‘Bye, bye, Merkozy': Will it be Merkollande?

Germany has ruled out any possibility of renegotiating the EU's fiscal pact, which is seen by the bloc as a defense against default. Persuading Berlin and the union otherwise is now a major challenge for Hollande as it was his main election promise.

­In his victory speech on Sunday, Francois Hollande promised his people he would re-open talks so that the pact, according to which the 17 eurozone members agreed on tough measures to slash their deficits, focuses on growth rather than simply imposing deficit-cutting austerity rules.

“This is the mission that is now mine: to give the European project a dimension of growth, employment, prosperity – in short, a future,” he said. “This is what I will say as soon as possible to our European partners and first of all to Germany.”

Berlin has opposed the idea.

"I believe the fiscal pact is correct and secondly I think that we can't simply re-open for discussion everything we have already agreed after an election in a small or big country," Germany’s Chancellor Angela Merkel said on Monday, commenting on Francois Hollande’s intentions at a news conference.

She pointed out that the fiscal pact has been signed by 25 EU countries.

However, Merkel said that they will meet the newly-elected French leader “with open arms” when he visits Germany after his inauguration on May 15. She added that Franco-German cooperation is essential for Europe and “we all want Europe to succeed.”

“We are in the middle of a debate to which France, of course, under its new president will bring its own emphasis. But we are talking about two sides of the same coin – progress is only achievable via solid finances plus growth," Merkel said.

Europe’s debt crisis and the changes in France’s economy are the main issues on Hollande’s agenda.

A socialist, who claimed his election is a signal of hope for Europe that "austerity does not have to be inevitable," has vowed to slow the pace of Sarkozy's public spending cuts. He has also promised to reverse austerity measures, lower the pension age and reduce wealth inequality.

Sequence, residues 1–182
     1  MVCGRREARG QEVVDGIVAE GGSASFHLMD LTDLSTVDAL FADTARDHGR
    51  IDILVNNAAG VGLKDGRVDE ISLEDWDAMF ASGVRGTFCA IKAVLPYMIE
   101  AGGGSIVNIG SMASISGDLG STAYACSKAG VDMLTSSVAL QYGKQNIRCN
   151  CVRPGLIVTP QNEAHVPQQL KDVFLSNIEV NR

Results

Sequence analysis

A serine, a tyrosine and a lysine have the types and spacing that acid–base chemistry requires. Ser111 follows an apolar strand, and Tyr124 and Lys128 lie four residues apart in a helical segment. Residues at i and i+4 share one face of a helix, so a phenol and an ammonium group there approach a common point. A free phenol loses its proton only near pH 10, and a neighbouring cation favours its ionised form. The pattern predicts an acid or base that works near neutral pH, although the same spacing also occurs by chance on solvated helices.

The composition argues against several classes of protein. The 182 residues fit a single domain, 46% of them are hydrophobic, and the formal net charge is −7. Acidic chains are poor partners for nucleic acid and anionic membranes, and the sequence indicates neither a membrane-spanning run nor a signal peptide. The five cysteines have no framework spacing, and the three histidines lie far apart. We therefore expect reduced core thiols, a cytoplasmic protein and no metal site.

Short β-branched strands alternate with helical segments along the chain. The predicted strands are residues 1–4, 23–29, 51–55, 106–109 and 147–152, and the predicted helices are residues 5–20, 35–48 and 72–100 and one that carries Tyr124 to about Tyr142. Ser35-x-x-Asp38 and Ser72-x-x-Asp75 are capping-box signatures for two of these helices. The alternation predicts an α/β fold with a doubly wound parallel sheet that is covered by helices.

“This is part of the reason why he did, in the end, get a majority, be it a slim majority,” former Belgian MP and international consultant Lode Vanoost told RT.

But even though Hollande might be able to deliver all the promises he made, Vanoost says it is uncertain what reaction will follow from other EU members and especially from Germany.

“The thing is, in the short run he can certainly deliver these issues for a very simple reason – the financial consequences of policies always follow a year after you take them. The thing is how other European countries will react to it,” Vanoost said. “Will they go in the same way, or will they counter-react? And a lot will depend on how Germany will react to these issues.”

Political analyst Pepe Escobar says Hollande’s intentions of “re-negotiation of financial arrangement in the world” means “the end of the US dollar as the reserve currency.” This, he says, will be point “where Obama and Hollande will clash head on, in spite of Obama’s sympathies for Hollande, for the left in France and for the left in Europe in general.”

“So, ‘Bye, Bye, Merkozy, now it is Merkollande.’ Hollande on the internal front in Europe will try to convince Merkel that this austerity business is drowning Europe. And on the external front he’ll coordinate with BRICS and say: ‘Look, another way to change the whole system is to try to change the financial system as it works.’ And that will mean a basket of currencies as a reserve currency in the world. So, expect major fireworks inside Europe and across the world as well,” Escobar told RT.

­Watch RT's interview with Pepe Escobar